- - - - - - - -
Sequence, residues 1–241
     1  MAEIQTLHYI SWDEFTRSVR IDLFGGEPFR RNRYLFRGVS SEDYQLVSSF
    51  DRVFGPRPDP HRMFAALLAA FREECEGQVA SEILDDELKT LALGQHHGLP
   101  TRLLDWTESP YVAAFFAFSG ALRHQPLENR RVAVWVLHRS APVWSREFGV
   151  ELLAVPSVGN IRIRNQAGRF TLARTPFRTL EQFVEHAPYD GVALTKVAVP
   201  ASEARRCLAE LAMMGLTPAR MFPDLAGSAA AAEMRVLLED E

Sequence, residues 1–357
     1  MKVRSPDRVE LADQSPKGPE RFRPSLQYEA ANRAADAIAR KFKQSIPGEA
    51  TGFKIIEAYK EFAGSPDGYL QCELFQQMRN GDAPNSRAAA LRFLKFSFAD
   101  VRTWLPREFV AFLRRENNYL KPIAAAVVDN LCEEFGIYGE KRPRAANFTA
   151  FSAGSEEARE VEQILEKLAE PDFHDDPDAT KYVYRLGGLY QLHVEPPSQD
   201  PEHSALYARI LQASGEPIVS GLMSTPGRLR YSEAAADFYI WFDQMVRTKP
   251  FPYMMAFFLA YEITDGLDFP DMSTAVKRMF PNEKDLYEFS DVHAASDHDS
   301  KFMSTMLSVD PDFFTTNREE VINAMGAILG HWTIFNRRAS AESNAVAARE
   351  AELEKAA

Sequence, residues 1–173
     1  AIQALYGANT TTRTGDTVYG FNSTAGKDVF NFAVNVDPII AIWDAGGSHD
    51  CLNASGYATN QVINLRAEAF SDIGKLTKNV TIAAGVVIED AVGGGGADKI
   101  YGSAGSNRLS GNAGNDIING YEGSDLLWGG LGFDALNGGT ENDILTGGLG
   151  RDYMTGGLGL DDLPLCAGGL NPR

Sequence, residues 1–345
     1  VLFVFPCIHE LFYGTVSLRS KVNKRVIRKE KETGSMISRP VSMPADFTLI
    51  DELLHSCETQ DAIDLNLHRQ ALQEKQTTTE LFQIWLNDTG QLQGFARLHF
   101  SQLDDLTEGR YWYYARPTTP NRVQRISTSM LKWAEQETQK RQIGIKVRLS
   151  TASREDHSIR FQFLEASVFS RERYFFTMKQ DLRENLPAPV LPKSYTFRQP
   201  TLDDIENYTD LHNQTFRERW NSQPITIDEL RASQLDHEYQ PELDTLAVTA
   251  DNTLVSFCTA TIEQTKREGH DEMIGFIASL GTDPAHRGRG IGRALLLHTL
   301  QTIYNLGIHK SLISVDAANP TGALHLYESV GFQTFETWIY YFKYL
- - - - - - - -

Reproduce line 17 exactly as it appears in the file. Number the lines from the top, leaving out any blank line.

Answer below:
     1  AIQALYGANT TTRTGDTVYG FNSTAGKDVF NFAVNVDPII AIWDAGGSHD